“I get to the hotel and I take a walk around the hotel. I check the log book to see what had happened during the night. Then I also check the list of guest who will be arriving that day. After that I start my meeting.”

Meetings for the day starts with a morning briefing to floor staff. “I also try to meet at least one different executive a day to listen to their problems and come up with solutions for an hour. For example, today I’ll meet up with someone from the finance department and tomorrow it’ll be someone from the HR department. I dedicate the afternoons for paperwork,” he continues.

“I like being at the lobby of the hotel. The lobby is the heart of the hotel and that’s where all the action is. It is where most guests are before checking in and it’s the best place to meet people. You cannot shake hands via email. Being in the service industry, the personal touch is important. Being able to communicate and connect with your guests will leave them with something special to remember during their stay in Mandarin Oriental.”

He also likes working till late because during the day, things tend to happen too fast.

“When you need to put things together or to sit down and think the night is the best time to do it,” he says.

The amount of passion that he exhibit was evident as he didn’t even realise that he works almost 15 hour everyday, six days a week. “When you enjoy what you’re doing, you wouldn’t mind working the long hours,” he says cheerfully.

In case of emergency . .

“The hotel is like a little village. At any one time, there are about five thousand people in the building. Happy and sad occasions are bound to happen,” says Schuermann.

“Many things had happened in my almost 30 years in this industry but the most memorable one has to be the one where a guest went into labour in the hotel (not Mandarin Oriental) and couldn’t be moved to the hospital due to certain complications. She had to give birth in the hotel. The child should be about 11-12 years old this year. The staff at the hotel had quite a celebration after the mother gave birth.”

“We have a fantastic system where all the staff knows what to do in case of emergency. If say a fire happens within the building, whoever on duty will know exactly who to call, how to evacuate guests in the safest way possible. Or say for whatever reasons the newspapers were not delivered for the day. That’s considered an emergency as well. Can you imagine how many angry and irritated guests we have in Mandarin Oriental if the papers are not delivered that day? If that’s the emergency, we might have to go to every newspaper kiosk in town to buy up all the papers or call another hotel for help. It might be something small in that sense, but still it’s an emergency for us,” says Schuermann.

Though not all staff are required to be on call 24/7, there are some key staffs that will have to be accessible at all time. “Someone from the security department and communications department will have to be on call. Other than that, staff on duty would already know what to do. I have so far only called from home a few times through my years working in a hotel. The system is very efficient.”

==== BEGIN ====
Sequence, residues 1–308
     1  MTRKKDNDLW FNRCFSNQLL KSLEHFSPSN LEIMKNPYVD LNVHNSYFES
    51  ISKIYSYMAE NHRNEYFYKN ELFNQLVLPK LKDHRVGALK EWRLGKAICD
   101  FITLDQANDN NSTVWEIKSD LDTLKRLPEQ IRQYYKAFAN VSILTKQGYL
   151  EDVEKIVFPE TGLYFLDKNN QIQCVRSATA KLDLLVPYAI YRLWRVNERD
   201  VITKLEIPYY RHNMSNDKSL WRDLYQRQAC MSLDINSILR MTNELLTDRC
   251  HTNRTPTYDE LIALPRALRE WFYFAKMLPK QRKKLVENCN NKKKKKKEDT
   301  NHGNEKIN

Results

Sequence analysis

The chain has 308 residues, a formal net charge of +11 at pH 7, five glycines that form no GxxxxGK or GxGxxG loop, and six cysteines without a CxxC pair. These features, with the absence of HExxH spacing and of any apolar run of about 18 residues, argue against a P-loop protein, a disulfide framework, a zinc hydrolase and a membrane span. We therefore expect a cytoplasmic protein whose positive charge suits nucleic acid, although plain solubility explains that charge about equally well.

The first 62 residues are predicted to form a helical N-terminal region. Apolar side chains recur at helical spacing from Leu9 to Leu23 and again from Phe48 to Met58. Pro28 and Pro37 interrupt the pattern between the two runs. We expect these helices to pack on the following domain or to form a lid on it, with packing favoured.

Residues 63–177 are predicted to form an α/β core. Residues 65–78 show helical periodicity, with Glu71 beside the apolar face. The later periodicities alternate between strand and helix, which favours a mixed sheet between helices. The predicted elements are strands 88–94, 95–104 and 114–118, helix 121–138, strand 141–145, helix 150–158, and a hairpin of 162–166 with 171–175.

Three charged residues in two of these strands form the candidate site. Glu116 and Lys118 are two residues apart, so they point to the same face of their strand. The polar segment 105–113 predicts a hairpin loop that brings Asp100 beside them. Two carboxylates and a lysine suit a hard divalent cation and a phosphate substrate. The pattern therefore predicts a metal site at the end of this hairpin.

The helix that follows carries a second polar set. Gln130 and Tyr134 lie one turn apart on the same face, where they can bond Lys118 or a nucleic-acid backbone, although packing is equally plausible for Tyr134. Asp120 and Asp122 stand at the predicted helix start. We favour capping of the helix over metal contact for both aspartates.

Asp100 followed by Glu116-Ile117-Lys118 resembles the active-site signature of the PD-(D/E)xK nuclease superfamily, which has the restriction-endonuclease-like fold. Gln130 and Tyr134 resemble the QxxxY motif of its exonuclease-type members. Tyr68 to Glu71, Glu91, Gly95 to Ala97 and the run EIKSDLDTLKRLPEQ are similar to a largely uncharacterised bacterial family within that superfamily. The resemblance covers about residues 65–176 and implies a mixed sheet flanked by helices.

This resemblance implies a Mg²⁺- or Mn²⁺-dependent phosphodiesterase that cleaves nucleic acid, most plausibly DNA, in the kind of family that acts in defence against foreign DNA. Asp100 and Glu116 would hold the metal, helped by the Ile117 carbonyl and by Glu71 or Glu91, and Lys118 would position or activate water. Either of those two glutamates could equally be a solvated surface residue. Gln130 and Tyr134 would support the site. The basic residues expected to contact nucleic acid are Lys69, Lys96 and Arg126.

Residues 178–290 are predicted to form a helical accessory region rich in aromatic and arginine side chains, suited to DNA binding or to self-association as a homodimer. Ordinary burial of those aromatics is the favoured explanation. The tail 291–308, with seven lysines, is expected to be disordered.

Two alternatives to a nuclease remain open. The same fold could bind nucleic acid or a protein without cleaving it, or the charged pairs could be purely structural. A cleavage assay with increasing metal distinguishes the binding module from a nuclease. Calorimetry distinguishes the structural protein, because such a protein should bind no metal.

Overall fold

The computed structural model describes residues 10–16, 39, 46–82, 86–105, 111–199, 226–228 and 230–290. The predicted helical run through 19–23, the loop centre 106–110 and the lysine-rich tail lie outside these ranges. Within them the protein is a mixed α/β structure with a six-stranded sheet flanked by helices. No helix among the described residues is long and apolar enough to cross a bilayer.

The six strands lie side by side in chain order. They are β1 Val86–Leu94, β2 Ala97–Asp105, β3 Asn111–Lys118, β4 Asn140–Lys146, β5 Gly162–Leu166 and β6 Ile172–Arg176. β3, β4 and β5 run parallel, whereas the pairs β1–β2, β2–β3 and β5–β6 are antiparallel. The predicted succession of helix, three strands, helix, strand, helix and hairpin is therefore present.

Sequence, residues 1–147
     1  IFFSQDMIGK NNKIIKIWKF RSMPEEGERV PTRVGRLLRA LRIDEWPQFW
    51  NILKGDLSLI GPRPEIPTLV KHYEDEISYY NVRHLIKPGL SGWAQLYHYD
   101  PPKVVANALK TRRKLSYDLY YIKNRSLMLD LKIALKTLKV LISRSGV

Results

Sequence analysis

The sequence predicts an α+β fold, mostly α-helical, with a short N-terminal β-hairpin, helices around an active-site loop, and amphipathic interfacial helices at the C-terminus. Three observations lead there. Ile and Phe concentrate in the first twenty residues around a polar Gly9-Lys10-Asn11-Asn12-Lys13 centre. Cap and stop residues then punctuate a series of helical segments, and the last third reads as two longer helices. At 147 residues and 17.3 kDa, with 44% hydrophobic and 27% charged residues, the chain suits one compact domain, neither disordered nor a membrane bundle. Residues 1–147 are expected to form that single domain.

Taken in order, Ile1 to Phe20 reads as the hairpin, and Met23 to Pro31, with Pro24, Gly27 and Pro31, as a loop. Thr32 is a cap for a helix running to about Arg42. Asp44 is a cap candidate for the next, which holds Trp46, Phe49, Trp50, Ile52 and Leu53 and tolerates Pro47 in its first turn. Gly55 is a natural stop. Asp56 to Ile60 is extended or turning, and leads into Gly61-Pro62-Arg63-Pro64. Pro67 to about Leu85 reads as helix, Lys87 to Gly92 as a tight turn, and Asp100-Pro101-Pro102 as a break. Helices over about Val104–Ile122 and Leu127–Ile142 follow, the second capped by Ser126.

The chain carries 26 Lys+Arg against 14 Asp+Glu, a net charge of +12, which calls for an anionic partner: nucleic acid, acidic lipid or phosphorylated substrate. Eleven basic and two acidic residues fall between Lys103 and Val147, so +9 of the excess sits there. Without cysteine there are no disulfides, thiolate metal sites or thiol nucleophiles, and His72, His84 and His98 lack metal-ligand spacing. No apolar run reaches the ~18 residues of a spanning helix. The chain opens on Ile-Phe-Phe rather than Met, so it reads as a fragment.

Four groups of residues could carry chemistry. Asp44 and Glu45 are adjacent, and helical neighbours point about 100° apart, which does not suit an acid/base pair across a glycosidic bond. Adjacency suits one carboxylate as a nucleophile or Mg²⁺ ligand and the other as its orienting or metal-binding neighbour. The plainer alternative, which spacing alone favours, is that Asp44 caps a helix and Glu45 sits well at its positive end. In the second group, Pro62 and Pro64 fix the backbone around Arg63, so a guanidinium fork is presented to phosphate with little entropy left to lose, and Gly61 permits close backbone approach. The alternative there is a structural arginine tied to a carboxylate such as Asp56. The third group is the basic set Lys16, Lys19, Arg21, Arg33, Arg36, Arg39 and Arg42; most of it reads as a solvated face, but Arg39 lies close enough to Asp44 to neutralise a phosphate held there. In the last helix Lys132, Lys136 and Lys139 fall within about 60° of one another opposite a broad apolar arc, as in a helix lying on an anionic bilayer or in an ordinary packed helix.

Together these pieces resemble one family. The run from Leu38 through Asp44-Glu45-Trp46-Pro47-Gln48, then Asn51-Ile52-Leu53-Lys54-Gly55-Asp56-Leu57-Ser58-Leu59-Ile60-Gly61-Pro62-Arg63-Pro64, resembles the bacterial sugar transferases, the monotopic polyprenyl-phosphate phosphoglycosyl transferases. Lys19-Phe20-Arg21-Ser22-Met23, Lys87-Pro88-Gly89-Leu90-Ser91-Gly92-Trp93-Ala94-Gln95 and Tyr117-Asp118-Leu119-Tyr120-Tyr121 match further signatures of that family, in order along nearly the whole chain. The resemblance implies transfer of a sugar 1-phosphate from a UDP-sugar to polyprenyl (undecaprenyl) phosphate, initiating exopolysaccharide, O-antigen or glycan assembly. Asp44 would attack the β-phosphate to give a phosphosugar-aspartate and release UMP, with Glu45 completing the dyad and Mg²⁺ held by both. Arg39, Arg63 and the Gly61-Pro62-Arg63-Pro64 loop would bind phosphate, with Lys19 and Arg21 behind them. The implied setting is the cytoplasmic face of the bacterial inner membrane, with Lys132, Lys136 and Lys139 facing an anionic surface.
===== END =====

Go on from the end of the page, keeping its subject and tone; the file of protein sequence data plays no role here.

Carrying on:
Now and then

“Many things stayed the same but at the same time, many things also have changed,” says Schuermann when asked about the differences in the industry in the past 30 years.

“The only thing that had stayed the same is that we still have to make our guests happy. Hospitality is all about making your guests feel welcomed. But having said that, the expectations of the guests had changed.

Some time back, a hotel are mainly for travellers who are looking for a place to stay the night. Now its all about lifestyle, security and convenience. You can even experience new things in a hotel!”

“Restaurants have more and more seasonal promotions and rooms are personalised to individual guests to ensure personal touches,” he added.

“In Mandarin Oriental, we ensure that you get the comfort and security of your home.”

Though there is a nice mix of business travellers and tourists, Schuermann confirms that there was an increase in people coming for leisure.

“Another thing that will never change in this industry is that you need a great team to stand by you,” Schuermann stresses.

“The hotel cannot be run by one person. Every single person is like an important cog in the machine. Without that one person, the wheel will not move. I am truly grateful that our team here in Mandarin Oriental went through thick and thin with me.”

MANDARIN Oriental Kuala Lumpur is the proud owner of four ISO and two MS certifications but does that effect you as a guest in the Mandarin Oriental?

The recently awarded ISO 22000:2005 and MS 1480 ­– Food Safety Management Systems requires all hazards that may be reasonably expected to occur in the food chain are identified, accessed and controlled as a preventive measure.

This ensures your peace of mind while you enjoy your meal at the Mandarin Oriental.

ISO 9001 – Quality Management provides a systematic approach in managing the organisation’s processes so that they consistently turn out product that satisfies customers’ expectations.

And with the ISO 14001 – Environment Management, environmentalists can rest assured that Mandarin Oriental take extra care in providing an environmentally friendly hotel for guests.

The OHSAS 18001 – Occupational Safety and Health and the MS 1722 – Malaysian Standards in Safety and Health ensures the safety of staff and guests alike.

Source : STAR
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Friday, June 13, 2008

St Regis Opening in KL in 2014

St Regis, the luxury hotel chain, will make its debut in Malaysia by 2014 with the six-star St Regis Kuala Lumpur which will have at least 200 guest rooms and 200 branded residences under an agreement signed with a local developer.

Starwood Hotels & Resort Worldwide Inc, which will operate the hotel, Thursday signed the management agreement with ONE IFC Hotel Sendirian Berhad and ONE IFC Residences Sendirian Berhad, both of which are subsidiaries of property group ONE IFC Sendirian Berhad.